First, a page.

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On May 15, the anniversary of Peter Maurin’s death, Father Geoff borrowed a car and took Deane, Jeanette, Dan and Frank out to visit Peter’s grave. They brought me back little plants for my terrarium.
Stanley is back from the hospital and looking fine.
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I am re-reading Tolstoi’s War and Peace. I like a good, long book to live with for a few weeks.
Several of the young people went up to the Times Square recruiting station on Armed Forces Day to distribute The Catholic Worker, and some people they encountered sent their greetings to me.
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Pat and Kathleen Jordan and their children are on their way West by bus to visit their parents in St. Louis and California. During the 1904 St. Louis World’s Fair, the Day family went by train from New York to California. I was born in 1897. I remember the trip well, and have loved travel ever since. My mother was a valiant woman, traveling with four children under eight years old and stopping over between trains to have a glimpse of the Fair.
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Saw the story of Watergate on television. The case of Bob Ellsberg’s father (The Pentagon Papers) helped bring this scandal to light. “Power corrupts.” (Lord Acton) “Every class can be corruptive.” (Koestler) “No one liveth to himself alone.” (Leviticus 19).
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Greta Lindstrom brought in a good cup of coffee with my heart medicine this morning. Different young women come, and it gives me a chance to get acquainted with new volunteers.
Received a most interesting postal card from Victor Stier, of a cemetery in Holland which used whale tusks as tombstones for the whalers. My mother’s grandfather was a whaler.
Marie McCall, who each year sends us home-knit scarves for our needy ones, sent me a gorgeous photo of a painting of a grove of trees, which fits into my Psalter. What an artist!
In a recent New York Times Sunday magazine section, there were some beautiful reproductions of Kremlin Art (religious) that is at the Metropolitan Museum of Art until September 2nd. I am again reminded of the Dostoievsky quote, “The world will be saved by beauty.”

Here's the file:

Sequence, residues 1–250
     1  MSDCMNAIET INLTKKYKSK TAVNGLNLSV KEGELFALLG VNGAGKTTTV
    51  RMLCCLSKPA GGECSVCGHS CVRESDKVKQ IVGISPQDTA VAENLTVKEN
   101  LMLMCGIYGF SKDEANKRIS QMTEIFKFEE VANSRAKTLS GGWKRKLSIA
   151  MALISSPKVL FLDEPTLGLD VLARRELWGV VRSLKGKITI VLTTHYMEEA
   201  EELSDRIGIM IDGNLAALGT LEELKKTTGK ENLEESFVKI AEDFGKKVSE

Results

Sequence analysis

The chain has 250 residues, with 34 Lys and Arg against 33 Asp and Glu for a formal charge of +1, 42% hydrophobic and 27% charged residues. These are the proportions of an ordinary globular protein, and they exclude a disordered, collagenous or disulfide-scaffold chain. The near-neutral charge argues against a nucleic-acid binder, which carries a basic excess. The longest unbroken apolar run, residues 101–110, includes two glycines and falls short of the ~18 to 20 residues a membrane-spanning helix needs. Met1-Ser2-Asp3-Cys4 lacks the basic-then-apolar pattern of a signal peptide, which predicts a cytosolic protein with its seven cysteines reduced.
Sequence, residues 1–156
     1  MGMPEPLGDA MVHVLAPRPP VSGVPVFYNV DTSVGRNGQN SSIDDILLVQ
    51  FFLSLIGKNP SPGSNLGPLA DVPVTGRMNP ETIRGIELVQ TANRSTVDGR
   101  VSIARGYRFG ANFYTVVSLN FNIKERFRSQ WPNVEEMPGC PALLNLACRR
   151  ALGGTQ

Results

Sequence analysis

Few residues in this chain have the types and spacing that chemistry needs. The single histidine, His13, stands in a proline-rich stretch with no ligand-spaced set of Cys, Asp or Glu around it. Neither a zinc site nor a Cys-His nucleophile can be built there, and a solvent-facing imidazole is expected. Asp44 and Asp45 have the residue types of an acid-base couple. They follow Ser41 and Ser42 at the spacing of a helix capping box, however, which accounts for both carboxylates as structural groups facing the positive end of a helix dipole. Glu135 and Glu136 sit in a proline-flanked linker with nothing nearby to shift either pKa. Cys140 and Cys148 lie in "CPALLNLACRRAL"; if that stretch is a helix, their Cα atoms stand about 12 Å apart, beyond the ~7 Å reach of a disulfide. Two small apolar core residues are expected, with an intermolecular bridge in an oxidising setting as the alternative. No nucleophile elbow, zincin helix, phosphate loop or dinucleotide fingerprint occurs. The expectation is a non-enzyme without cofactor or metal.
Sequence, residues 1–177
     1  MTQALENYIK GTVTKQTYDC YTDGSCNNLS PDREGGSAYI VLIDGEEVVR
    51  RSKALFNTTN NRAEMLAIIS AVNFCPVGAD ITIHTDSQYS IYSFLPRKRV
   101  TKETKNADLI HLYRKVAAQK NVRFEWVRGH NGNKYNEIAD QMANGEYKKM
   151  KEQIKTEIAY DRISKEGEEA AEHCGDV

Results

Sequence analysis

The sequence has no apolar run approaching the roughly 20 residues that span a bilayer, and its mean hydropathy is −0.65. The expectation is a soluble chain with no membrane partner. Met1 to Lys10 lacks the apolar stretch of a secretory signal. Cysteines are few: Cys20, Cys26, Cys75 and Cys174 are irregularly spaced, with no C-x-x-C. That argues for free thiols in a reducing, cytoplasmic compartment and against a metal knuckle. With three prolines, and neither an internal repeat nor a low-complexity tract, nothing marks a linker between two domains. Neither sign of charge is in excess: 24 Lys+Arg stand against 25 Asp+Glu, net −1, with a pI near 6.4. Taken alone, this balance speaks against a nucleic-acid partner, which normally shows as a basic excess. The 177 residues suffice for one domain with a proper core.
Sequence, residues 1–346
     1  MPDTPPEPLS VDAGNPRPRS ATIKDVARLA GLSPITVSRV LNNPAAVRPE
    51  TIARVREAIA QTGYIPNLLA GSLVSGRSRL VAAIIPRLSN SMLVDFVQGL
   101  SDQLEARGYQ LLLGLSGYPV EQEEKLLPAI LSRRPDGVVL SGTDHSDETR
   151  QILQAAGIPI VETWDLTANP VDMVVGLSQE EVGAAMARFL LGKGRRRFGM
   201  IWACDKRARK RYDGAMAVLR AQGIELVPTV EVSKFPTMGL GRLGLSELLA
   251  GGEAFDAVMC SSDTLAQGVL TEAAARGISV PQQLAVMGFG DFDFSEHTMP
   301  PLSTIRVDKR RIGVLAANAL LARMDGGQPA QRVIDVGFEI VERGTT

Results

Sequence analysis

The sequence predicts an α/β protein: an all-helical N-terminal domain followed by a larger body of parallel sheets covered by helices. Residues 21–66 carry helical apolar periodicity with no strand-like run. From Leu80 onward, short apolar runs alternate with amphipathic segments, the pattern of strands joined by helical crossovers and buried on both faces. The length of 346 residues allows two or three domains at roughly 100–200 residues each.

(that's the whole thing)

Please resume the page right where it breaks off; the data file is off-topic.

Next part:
There was a vigil in Washington Square the night before an execution in Florida. We are a barbarous people to still use the death penalty. Ammon Hennacy and Mary Lathrop used to picket Sing Sing prison when they had such executions there.
Deane Mowrer is planning to go with a crowd of Catholic Workers to Shoreham, Long Island on June 3, to demonstrate against the proliferation of nuclear power plants with their dangers.
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My brother John came to visit and brought our mother’s two little travel diaries. What a gift and how I look forward to reading them.
My youngest granddaughter, Katy, a graduate of the East Hill School in Vermont, wants to go to New York University, and tells me she will be able to get a loan from the government. She has been interviewed and accepted.
Since then, I’ve been remembering my two years at the University of Illinois, where I was “working my way.” There were no loans then. Actually, tuition was only ten dollars matriculation and twelve dollars a semester, with extra fees for science courses.
I told Katy that “working my way” at that time for me meant working four hours a day in a professor’s family for board and room, and that working her way here in New York and living at Maryhouse meant her giving us some time in the housework here! Actually, there are a goodly number of students with us who “have the house” on certain days or hours, and what a good example they set for others. They have what Peter Maurin called, “a philosophy of work.”